I have been a subscriber for a number of years to the Houston Symphony and am proud to be. For me, the best symphony took place last year when I had tickets for a performance but could not attend. I gave my two tickets to a University of Houston student who took his girlfriend, a University of St Thomas student. This was a first time for either to attend a symphony. For me their excitement transported me back to my first attendance at a symphony in Pittsburgh, Pennsylvania. The U of H student sent me so many text messages the evening he and his girlfriend attended. Of course, I reminded him of phone decorum and do think he adhered to all the rules and regulations.
Seeing and hearing the symphony from two who never attended was for me the ultimate. I so wish I could expose more to our great symphony. Sometimes, all it takes is one experience. I was fortunate, I was a self-starter. Some, on the other hand, need a push. I freely give my tickets to college students when I cannot attend which is so very rare. I once gave a ticket to a university football player (but that’s another story).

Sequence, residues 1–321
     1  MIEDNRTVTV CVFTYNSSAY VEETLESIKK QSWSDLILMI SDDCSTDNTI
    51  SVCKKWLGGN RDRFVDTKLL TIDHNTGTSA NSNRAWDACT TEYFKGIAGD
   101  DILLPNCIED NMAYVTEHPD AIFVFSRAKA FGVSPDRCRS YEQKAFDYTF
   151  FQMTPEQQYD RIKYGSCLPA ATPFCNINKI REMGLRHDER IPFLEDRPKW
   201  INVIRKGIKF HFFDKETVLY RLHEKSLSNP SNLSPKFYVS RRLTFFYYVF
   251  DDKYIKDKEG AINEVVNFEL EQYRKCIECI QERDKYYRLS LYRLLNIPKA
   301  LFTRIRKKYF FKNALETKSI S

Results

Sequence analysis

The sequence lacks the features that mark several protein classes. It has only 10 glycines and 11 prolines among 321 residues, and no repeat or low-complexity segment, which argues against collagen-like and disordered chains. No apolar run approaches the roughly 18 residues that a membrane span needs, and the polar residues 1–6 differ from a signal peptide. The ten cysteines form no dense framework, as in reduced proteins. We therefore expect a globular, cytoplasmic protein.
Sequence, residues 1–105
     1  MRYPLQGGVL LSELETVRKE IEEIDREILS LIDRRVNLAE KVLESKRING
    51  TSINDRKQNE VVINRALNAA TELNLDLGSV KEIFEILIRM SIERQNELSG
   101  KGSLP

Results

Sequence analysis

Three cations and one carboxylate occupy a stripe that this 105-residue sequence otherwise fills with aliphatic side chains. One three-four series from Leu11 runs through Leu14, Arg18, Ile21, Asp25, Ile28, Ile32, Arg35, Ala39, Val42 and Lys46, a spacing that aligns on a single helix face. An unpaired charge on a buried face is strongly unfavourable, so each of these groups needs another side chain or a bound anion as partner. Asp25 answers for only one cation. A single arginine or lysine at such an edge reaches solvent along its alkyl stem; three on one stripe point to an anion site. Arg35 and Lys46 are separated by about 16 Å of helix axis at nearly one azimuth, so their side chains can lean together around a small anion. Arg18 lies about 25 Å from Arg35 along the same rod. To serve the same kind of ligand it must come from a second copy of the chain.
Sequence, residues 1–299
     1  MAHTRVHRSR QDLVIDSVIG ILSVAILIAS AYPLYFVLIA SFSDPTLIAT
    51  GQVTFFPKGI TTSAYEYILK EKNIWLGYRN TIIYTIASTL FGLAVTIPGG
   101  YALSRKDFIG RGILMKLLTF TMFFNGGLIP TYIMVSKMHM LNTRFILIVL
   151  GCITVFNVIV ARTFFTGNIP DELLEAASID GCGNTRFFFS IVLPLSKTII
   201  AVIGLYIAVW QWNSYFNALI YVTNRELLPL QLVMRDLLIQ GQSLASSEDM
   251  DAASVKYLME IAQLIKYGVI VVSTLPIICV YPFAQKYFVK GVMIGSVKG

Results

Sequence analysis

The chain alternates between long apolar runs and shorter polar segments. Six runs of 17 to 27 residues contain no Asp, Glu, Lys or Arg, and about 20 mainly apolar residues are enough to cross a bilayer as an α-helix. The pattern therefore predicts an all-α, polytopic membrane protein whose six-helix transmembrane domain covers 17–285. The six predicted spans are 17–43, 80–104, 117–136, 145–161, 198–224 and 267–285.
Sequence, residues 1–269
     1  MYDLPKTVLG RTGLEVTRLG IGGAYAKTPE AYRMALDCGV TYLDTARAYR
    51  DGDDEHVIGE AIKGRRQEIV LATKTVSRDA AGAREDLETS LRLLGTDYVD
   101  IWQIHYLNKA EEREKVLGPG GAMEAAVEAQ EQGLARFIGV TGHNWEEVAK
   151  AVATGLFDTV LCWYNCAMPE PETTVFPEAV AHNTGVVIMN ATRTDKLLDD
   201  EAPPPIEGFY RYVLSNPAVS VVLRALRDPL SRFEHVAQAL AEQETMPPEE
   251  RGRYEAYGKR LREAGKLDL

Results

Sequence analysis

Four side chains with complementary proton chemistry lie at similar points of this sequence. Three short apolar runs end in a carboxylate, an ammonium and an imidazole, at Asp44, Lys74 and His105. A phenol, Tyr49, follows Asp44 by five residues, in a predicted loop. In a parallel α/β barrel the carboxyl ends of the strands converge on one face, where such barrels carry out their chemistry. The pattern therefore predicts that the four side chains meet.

Plus, he told me to never talk about the fact that he attended the symphony and was eager to go again.
-Floyd Robinson, subscriber
Question of the day: How were you introduced to symphonic music? Have you ever introduced someone else to symphonic music? Please share in the comment section below.
I have enjoyed enriching music ever since youth. My wife and I both grew up playing instruments in our schools’ band programs, and I into college. I cut my teeth on Maurice Abravanel and later Joseph Silverstein with the Utah Symphony, and after moving to The Woodlands in the mid-1990s, was introduced to the Houston Symphony at The Cynthia Woods Mitchell Pavilion. What a wonderful treat to have such a magnificent symphony right here in Houston.